This may explain why I wasn’t approached more often in the bazaars and on the streets the way many other female travelers I met had been. Perhaps I was left alone because I was perceived to be one of the locals, despite my untraditional clothing.
The same response came at me in every Arab country I visited – I was Lebanese, Jordanian, or Iranian. With the exception of the carpet seller in Damascus and one very touchy-feely cab driver in Beirut, I was pretty much left alone or treated with more respect than I would have imagined.
In Iran I encountered the same sort of respect, although it wasn’t immediately apparent. One of the unexpected difficulties came in the form of no physical contact between men and women. I was surprised by how closed off I felt from the people I was meeting because I wasn’t able to extend my hand in friendship. I had to learn how to compensate for this lack of physical communication by making eye contact and nodding my head. This did seem to convey a form of friendly greeting and was returned in the same manner. That hurdle being overcome, the next one was a little harder.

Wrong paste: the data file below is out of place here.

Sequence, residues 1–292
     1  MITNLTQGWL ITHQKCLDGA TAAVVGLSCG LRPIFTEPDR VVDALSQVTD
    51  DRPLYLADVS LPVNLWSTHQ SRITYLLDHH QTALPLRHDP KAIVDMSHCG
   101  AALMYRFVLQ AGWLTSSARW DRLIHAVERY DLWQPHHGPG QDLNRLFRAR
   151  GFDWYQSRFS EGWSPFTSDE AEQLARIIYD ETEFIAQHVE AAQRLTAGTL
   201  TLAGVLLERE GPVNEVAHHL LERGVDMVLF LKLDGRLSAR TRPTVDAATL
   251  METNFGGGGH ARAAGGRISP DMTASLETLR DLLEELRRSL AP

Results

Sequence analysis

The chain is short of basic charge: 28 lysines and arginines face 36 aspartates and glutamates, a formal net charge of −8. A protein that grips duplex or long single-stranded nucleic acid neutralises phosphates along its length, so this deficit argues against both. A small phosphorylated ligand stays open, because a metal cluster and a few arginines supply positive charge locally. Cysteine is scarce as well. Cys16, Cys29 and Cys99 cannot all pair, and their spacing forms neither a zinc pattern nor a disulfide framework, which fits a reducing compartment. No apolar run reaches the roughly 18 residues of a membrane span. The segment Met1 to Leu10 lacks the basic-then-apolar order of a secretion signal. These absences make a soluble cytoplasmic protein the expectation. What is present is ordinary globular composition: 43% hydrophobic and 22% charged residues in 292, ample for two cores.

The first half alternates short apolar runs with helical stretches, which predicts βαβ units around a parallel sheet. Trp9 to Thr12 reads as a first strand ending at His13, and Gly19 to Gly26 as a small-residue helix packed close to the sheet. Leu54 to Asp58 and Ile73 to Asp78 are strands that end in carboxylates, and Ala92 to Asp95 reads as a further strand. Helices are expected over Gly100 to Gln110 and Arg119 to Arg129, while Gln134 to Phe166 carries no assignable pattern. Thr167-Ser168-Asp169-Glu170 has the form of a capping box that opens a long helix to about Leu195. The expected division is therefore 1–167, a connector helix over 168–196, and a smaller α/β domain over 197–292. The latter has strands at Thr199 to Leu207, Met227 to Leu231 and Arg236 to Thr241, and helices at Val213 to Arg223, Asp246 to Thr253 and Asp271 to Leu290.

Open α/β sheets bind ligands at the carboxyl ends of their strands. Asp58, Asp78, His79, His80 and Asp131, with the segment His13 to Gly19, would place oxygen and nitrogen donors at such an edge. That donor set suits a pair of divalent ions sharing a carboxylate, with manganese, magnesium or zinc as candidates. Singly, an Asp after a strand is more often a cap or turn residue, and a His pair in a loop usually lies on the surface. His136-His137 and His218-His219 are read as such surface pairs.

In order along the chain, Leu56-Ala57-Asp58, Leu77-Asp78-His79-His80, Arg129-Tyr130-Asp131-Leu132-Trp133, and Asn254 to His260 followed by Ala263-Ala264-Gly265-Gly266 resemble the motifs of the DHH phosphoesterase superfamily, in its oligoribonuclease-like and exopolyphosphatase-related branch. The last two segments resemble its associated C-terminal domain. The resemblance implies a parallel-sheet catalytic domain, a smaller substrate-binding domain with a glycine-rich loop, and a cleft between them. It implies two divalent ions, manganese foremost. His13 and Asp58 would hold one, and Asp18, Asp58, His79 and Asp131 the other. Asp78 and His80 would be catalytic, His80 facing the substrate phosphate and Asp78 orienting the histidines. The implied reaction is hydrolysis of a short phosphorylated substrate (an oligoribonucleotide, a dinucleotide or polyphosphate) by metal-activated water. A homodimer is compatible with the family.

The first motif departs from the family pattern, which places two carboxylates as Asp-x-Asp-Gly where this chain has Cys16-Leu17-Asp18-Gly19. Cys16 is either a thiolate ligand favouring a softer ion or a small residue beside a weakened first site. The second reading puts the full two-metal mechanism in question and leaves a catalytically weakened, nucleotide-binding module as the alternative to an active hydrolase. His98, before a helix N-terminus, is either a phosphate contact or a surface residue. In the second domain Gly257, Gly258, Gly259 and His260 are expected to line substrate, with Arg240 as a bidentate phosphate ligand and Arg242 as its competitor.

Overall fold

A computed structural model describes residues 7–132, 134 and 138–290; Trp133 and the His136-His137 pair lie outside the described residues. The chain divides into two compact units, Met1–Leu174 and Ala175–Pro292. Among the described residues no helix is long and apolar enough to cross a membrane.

Whenever I went anywhere with one of my male friends, even if I started the conversation, the Iranian man would invariably nod to my friend, not to me. It is easy to see how some people interpret this as a snub on the woman, or a preference for the man, but I think it’s simply because the men in these areas have not had to deal with women on a familiar basis in the past, and only defer to the man because that is what is normal for them. Most times, after overcoming their shyness on addressing a woman, the men became eager to make me feel comfortable.